The new VOSH rule reiterates that cloth face coverings do not qualify as PPE under the ETS, since they are not tested for efficacy and their primary purpose is to prevent the wearer from spreading COVID-19 rather than protecting the wearer from infection. As a result, employee use of face coverings for contact within six feet of coworkers or others will not be deemed to be a sufficient administrative or work practice control on its own to achieve minimal occupational contact.
Employees at “medium” “high,” or “very high” risk will need to complete training on their job’s anti-infection measures, with written certifications required to verify compliance.
In order to designate a task or position as “lower” risk, Virginia employers will need to install significant “engineering, administrative and work practice controls,” such as floor to ceiling physical barriers, staggered work shifts and remote work, in addition to the ETS’s general requirements that employers establish and implement policies and procedures designed to ensure that employees observe physical distancing while on the job and during paid breaks on the employer’s property, including limiting access to work sites and implementing remote work and staggered shifts “to the extent feasible.”
Note that an interesting element of Virginia’s ETS is that an employer may avoid a violation of the ETS by complying with requirements contained in the various workplace focused CDC guidance publications designed to mitigate COVID-19 related hazards or job tasks addressed by the ETS.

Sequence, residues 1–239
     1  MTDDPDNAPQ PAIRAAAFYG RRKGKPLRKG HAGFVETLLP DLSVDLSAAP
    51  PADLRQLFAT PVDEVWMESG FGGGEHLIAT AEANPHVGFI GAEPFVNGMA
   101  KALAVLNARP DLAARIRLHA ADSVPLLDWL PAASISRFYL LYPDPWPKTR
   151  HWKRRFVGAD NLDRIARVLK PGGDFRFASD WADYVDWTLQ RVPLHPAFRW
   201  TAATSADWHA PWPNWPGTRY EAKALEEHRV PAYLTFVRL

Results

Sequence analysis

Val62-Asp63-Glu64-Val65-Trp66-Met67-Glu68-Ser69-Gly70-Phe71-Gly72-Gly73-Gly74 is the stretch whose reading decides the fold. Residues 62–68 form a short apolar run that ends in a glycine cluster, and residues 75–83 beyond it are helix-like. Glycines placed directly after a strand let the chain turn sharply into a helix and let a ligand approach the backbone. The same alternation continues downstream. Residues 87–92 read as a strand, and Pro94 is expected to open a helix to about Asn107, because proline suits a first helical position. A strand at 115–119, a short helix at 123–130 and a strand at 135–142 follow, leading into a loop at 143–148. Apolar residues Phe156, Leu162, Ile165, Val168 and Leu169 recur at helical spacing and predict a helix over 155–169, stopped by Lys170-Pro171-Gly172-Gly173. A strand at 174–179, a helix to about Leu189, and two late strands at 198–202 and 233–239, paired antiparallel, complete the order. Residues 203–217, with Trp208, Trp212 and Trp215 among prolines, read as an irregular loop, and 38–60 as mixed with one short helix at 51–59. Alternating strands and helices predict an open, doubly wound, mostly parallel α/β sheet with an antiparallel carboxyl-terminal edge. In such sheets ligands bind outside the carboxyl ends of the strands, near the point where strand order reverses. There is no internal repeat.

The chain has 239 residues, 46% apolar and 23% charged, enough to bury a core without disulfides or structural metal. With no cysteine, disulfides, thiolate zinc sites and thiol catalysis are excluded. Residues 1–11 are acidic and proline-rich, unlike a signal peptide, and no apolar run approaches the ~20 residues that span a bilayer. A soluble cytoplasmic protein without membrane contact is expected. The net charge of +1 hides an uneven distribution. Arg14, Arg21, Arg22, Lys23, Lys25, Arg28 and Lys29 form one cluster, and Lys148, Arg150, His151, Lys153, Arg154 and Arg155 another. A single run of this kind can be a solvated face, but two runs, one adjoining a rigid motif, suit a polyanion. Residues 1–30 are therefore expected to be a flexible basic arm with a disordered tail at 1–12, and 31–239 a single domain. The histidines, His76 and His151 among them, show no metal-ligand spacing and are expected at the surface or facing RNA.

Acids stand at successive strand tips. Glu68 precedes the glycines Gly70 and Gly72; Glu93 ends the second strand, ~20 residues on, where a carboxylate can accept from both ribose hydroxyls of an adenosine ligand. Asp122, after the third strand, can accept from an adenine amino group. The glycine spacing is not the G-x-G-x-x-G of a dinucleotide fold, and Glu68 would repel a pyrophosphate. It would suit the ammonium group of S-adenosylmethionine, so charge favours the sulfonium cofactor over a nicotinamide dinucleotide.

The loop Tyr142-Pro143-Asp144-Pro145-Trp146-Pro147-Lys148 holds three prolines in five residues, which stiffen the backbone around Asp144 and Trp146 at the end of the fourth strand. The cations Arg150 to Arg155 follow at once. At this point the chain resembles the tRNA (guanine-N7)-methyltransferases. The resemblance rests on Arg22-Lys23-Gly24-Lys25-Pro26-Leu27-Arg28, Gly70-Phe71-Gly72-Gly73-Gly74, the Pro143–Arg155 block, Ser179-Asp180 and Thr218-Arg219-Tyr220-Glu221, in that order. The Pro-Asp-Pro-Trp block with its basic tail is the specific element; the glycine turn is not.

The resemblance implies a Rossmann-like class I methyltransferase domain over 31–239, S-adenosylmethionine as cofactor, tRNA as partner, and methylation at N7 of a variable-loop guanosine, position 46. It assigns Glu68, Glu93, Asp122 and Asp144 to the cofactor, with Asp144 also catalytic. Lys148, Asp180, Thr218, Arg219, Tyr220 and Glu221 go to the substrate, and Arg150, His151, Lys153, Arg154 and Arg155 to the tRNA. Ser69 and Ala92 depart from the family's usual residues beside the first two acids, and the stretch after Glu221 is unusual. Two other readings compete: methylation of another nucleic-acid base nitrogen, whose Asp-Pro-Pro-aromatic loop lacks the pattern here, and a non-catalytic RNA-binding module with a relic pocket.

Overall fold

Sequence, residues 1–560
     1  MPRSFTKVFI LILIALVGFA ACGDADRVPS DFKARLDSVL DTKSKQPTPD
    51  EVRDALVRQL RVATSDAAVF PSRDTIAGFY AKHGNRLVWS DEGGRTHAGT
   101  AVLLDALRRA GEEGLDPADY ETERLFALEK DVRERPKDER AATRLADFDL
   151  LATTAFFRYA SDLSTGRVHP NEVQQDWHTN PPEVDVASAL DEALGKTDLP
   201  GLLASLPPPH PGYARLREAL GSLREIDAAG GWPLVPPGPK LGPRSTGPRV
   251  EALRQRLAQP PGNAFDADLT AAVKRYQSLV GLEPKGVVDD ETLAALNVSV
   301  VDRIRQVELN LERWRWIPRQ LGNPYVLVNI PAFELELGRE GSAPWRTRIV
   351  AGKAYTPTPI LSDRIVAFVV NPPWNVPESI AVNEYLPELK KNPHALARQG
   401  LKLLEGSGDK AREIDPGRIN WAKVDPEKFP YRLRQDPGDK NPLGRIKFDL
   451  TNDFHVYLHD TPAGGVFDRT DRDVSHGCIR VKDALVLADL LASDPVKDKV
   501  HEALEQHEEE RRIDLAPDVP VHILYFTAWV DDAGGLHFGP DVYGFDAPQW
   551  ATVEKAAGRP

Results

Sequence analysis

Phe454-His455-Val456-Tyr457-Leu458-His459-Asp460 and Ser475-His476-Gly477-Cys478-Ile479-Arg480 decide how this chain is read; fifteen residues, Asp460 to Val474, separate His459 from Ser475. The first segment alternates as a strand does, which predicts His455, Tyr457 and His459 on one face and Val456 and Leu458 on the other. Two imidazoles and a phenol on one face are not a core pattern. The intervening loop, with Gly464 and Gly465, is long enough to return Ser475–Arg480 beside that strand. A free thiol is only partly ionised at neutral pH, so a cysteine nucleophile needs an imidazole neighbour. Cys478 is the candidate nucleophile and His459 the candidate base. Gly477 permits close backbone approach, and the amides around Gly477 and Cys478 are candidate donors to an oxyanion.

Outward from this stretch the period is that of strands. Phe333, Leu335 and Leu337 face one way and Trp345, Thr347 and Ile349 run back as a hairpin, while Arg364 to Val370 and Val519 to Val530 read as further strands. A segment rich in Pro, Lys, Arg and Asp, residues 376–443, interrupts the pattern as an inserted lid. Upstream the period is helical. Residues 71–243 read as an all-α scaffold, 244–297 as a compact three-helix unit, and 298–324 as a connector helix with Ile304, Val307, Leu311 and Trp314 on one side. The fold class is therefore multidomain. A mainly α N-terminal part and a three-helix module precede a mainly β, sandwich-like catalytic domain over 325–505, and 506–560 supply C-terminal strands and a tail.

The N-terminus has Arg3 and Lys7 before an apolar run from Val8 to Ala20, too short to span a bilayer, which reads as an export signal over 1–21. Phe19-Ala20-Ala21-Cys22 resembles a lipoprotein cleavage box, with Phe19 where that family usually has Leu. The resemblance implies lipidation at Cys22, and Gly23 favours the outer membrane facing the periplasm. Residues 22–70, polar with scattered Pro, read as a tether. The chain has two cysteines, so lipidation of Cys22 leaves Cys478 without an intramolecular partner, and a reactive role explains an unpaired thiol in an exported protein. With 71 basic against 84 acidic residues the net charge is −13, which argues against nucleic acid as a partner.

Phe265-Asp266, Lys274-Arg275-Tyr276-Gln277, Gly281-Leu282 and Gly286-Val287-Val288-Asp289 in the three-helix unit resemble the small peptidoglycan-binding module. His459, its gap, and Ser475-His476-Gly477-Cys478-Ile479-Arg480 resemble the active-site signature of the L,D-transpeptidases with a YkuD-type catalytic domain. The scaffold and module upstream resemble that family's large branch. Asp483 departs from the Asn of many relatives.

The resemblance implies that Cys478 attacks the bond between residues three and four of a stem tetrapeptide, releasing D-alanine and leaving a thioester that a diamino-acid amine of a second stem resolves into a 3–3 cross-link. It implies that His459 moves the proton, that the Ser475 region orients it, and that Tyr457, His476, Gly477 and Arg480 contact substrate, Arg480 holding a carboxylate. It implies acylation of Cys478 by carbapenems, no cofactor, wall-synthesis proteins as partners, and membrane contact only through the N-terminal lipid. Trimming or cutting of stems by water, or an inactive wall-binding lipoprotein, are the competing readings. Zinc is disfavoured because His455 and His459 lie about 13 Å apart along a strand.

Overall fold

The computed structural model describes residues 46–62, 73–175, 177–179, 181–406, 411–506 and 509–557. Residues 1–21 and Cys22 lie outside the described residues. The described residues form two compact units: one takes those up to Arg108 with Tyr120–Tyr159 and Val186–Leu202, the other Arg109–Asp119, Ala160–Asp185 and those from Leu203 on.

Virginia companies could face financial penalties ranging from $13,000 up to $130,000 for each violation if they are found to have violated the requirements of the ETS.
Other states may soon be following Virginia’s lead. Oregon is already in the process of drafting a similar set of rules that the state intends to make available by the end of July, with the hope of full implementation in September. And, depending in part on the initial success or challenges of the Virginia ETS, other states, could adopt similar rules. We will continue to keep you updated as more states consider promulgating these types of measures in the coming months.
Conn Maciel Carey’s COVID-19 Task Force, made up of OSHA and Labor & Employment attorneys, has been working diligently with employers across the country, and in particular those in the DMV area, to develop workplace-specific written Exposure Control and Response Plans to address these essential COVID-19-related issues. As a result, we are prepared to assist Virginia employers quickly come into compliance with VOSH’s new regulatory requirements, so that you can both keep your employees safe and avoid regulatory liability.
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In the meantime, for additional resources on issues related to COVID-19, please visit Conn Maciel Carey’s COVID-19 Resource Page for an extensive index of frequently asked questions with our answers about HR, employment law, and OSHA regulatory related developments and guidance, as well as COVID-19 recordkeeping and reporting flow charts. Likewise, subscribe to our Employer Defense Report blog and OSHA Defense Report blog for regular updates about the Labor and Employment Law or OSHA implications of COVID-19 in the workplace. Conn Maciel Carey’s COVID-19 Task Force is monitoring federal, state, and local developments closely and is continuously updating these blogs and the FAQ page with the latest news and resources for employers.